Netflix is known for releasing both high-quality and low-quality original films.
Films like "Lift" and "A Fall from Grace" have received poor reviews from critics but have high viewership numbers.
"Lift" is a heist film starring Kevin Hart and directed by F. Gary Gray.
Netflix is known for creating exciting films and series that push television and streaming to the forefront of the culture. As often as they release good material, the company is also known for releasing low-quality original films like Kevin Hart’s Lift, which are a dud with critics but have substantial viewership numbers.
This trend has been part of the company’s business model since it became a streaming service. Films like Lift and Tyler Perry’s A Fall from Grace are perfect examples. These two releases scored poorly with critics but have considerable numbers in the ratings department. People enjoy these films on some level, and despite constant criticism for the mediocrity of so many original Netflix films, the company keeps pumping them out regularly.
Netflix and Kevin Hart’s Lift
Lift is a heist film that stars famous comedic actor Kevin Hart, who portrays Cyrus Whitaker. Cyrus leads an international heist crew that specializes in stealing art. When his ex-girlfriend, Interpol agent Abby Gladwell (Gugu Mbatha-Raw), catches the team lifting an NFT, she recruits them to lift $500 million in gold off a plane to prevent a terrorist attack. The Italian Job and The Fate of the Furious director F. Gary Gray directed the film.
Based on viewership numbers, Lift has been another roaring success for Netflix, with the film receiving over 38 million views in its first week of release. Critics, however, are left scratching their heads, wondering which film all those viewers were watching. The film’s Rotten Tomatoes score stands at a rotten 30 per cent, with reviewers like Christy Lemire saying that the film is, ‘as generic and forgettable as its title, the kind of glossy, empty action picture that Netflix just keeps pumping out, whether we need it or not, competently made and star-studded, with a couple of intriguing ideas, but hollow.’
As Lemire and others have been lamenting for years, the streaming giant releases a constant stream of mediocre films that seem to create a television experience akin to the dark days when Hallmark dominated cable television. Hallmark is known for cheesy, low-budget romantic movies people have a guilty pleasure for. These films can be made for a dime and offer a high return financially.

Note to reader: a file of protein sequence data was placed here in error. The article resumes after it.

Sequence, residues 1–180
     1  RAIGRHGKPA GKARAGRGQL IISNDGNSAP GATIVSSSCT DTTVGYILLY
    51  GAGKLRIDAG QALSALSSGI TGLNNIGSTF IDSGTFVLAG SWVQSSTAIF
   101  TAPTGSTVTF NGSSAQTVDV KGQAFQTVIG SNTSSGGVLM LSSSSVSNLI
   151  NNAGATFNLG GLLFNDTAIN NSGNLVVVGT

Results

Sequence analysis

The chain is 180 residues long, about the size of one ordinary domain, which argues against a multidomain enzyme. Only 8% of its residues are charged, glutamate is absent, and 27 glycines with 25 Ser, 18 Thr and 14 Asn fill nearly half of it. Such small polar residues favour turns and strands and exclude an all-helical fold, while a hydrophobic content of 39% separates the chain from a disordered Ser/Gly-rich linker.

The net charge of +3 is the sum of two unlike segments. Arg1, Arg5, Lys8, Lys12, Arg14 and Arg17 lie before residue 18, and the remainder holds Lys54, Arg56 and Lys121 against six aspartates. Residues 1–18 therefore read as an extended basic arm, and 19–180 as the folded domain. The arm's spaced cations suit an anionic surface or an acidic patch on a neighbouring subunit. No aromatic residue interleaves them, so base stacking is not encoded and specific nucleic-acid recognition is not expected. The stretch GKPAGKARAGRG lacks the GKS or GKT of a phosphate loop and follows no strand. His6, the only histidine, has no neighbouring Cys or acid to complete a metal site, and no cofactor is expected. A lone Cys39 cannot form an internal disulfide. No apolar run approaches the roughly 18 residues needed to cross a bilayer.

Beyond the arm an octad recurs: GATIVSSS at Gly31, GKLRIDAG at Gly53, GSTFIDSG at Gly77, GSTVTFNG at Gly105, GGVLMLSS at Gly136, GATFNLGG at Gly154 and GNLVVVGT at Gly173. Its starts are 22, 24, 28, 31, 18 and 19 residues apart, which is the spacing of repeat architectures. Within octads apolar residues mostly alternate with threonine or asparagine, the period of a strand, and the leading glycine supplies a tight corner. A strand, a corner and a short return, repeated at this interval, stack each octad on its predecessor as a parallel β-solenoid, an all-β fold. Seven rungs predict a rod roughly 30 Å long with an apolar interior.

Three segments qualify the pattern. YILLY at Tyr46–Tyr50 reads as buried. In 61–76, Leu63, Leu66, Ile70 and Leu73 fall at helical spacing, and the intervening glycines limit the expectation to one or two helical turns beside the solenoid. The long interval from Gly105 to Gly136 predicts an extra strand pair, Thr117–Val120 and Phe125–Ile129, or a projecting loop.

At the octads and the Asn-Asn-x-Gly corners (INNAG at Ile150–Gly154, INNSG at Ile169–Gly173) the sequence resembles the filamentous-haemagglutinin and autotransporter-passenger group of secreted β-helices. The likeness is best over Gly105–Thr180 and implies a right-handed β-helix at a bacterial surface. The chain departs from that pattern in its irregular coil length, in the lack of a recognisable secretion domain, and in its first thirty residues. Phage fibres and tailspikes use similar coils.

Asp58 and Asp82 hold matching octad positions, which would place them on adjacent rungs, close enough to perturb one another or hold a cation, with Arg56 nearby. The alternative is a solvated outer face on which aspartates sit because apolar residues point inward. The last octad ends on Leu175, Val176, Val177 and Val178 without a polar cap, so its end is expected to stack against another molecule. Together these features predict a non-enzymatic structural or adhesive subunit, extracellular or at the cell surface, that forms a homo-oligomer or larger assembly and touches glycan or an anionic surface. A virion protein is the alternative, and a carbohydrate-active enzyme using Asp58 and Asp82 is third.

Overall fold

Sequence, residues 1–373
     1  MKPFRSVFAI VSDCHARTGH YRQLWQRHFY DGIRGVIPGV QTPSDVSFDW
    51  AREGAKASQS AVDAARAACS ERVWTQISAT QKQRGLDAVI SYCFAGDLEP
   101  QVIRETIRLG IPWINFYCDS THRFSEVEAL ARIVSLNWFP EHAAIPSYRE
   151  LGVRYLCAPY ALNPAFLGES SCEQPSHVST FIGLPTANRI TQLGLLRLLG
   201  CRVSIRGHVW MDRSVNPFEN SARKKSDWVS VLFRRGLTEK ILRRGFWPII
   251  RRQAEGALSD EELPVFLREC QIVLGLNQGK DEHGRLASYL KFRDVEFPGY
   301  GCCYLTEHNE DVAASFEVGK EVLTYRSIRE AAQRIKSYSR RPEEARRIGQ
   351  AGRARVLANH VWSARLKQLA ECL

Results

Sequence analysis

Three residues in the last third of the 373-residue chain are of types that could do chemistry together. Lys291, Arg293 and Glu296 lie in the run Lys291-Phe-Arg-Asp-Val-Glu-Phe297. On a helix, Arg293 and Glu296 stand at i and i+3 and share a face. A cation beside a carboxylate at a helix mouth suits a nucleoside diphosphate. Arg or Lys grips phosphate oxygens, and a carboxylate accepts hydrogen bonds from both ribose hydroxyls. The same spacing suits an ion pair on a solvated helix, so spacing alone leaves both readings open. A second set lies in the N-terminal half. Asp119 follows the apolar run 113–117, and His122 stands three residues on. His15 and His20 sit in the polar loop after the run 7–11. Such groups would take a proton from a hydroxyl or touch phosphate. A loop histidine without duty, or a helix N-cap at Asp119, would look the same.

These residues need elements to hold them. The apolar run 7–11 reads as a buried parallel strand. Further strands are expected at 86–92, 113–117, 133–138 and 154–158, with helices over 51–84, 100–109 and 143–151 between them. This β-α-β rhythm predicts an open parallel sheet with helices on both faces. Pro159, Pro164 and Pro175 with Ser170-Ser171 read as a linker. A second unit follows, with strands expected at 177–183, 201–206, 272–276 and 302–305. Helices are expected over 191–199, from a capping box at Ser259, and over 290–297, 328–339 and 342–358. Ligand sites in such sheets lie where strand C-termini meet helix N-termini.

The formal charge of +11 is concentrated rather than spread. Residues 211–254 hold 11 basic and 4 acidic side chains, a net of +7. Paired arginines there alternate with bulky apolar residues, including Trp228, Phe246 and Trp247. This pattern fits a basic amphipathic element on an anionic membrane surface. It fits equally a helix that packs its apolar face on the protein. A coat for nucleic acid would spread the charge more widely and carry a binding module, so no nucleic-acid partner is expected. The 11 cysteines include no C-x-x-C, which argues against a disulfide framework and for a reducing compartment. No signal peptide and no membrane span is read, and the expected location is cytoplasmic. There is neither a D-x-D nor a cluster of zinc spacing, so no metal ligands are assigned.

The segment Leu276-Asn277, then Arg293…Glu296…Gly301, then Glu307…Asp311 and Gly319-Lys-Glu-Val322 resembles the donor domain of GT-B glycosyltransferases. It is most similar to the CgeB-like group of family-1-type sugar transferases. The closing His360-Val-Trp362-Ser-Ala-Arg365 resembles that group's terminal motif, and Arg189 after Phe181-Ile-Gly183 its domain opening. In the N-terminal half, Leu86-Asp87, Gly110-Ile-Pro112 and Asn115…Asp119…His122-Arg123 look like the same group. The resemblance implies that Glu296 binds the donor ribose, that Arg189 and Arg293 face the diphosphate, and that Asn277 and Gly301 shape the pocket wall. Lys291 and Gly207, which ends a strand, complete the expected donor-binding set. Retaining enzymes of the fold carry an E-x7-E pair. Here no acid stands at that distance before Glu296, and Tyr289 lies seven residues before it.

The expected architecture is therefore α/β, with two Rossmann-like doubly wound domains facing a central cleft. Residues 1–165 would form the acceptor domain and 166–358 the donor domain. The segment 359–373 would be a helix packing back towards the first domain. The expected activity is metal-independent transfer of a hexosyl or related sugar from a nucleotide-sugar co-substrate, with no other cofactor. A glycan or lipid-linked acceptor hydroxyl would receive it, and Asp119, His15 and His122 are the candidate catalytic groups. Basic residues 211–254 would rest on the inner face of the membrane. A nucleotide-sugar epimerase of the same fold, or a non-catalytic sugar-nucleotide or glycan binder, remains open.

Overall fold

Netflix has these types of films like Falling for Christmas starring Lindsay Lohan, but Lift, and other Netflix originals such as Adam Sandler’s Ridiculous 6 and Red Notice starring The Rock, Chris Pine and Gal Gadot, have huge budgets into the tens and hundreds of millions. Despite their vast budgets, these films are often chintzy with a low-quality plot, making them easily comparable to those Hallmark films we all used to watch.
To be fair, Lift is spunky, with funny dialogue, exciting action and heist scenes, but at the end of the day, it’s nothing we haven’t seen a hundred times before. The mid-level quality of these films makes for an uneventful experience, with Lift and Red Notice acting as ways to pass the time when there’s nothing else to watch, just as in the days of cable TV and Hallmark.
Despite their low scores with critics, films like The Do-Over with Sandler and James Spader score big with viewers, meaning Netflix has no incentive to increase quality standards for these original films. The nature of streaming television may give these films a pass with viewers. If you can sit back and relax at home , your quality standards drop automatically, and you are more amenable to fluff and mediocrity.
Lift, Red Notice, and The Do-Over follow a safe and proven formula that appeals to average viewers looking for an easy-to-follow movie that doesn’t tax you emotionally or require mental labour to understand the plot. You don’t have to pay for a ticket and snacks at the cinema complex, meaning your expectations are significantly lower. Whatever the case, people enjoy these films, and as long as they have such substantial viewer numbers, Netflix won’t stop the mediocrity anytime soon.
What are your thoughts on Lift and other Netflix Original Films? Can you live with the easy-to-watch mediocrity?
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